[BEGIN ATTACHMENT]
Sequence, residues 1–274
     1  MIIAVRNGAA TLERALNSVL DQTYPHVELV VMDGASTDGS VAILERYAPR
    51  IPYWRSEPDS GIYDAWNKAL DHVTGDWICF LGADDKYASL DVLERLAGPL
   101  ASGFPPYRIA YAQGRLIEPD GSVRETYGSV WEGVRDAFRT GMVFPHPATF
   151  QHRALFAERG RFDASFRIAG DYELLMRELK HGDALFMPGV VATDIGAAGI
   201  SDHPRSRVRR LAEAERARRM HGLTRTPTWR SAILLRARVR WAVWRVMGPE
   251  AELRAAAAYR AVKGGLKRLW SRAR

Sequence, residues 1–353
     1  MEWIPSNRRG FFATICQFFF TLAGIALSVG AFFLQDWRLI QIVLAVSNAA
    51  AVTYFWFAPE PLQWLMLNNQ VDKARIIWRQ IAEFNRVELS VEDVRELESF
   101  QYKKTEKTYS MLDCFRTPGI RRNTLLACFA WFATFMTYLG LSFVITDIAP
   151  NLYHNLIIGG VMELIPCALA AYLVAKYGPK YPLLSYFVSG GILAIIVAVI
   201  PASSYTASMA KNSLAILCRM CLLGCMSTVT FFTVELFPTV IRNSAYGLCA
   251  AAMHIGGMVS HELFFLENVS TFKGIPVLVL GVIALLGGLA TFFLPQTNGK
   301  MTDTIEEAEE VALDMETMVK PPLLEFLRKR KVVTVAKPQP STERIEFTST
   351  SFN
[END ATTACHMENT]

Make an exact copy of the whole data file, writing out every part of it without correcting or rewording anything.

Sequence, residues 1–274
     1  MIIAVRNGAA TLERALNSVL DQTYPHVELV VMDGASTDGS VAILERYAPR
    51  IPYWRSEPDS GIYDAWNKAL DHVTGDWICF LGADDKYASL DVLERLAGPL
   101  ASGFPPYRIA YAQGRLIEPD GSVRETYGSV WEGVRDAFRT GMVFPHPATF
   151  QHRALFAERG RFDASFRIAG DYELLMRELK HGDALFMPGV VATDIGAAGI
   201  SDHPRSRVRR LAEAERARRM HGLTRTPTWR SAILLRARVR WAVWRVMGPE
   251  AELRAAAAYR AVKGGLKRLW SRAR

Sequence, residues 1–353
     1  MEWIPSNRRG FFATICQFFF TLAGIALSVG AFFLQDWRLI QIVLAVSNAA
    51  AVTYFWFAPE PLQWLMLNNQ VDKARIIWRQ IAEFNRVELS VEDVRELESF
   101  QYKKTEKTYS MLDCFRTPGI RRNTLLACFA WFATFMTYLG LSFVITDIAP
   151  NLYHNLIIGG VMELIPCALA AYLVAKYGPK YPLLSYFVSG GILAIIVAVI
   201  PASSYTASMA KNSLAILCRM CLLGCMSTVT FFTVELFPTV IRNSAYGLCA
   251  AAMHIGGMVS HELFFLENVS TFKGIPVLVL GVIALLGGLA TFFLPQTNGK
   301  MTDTIEEAEE VALDMETMVK PPLLEFLRKR KVVTVAKPQP STERIEFTST
   351  SFN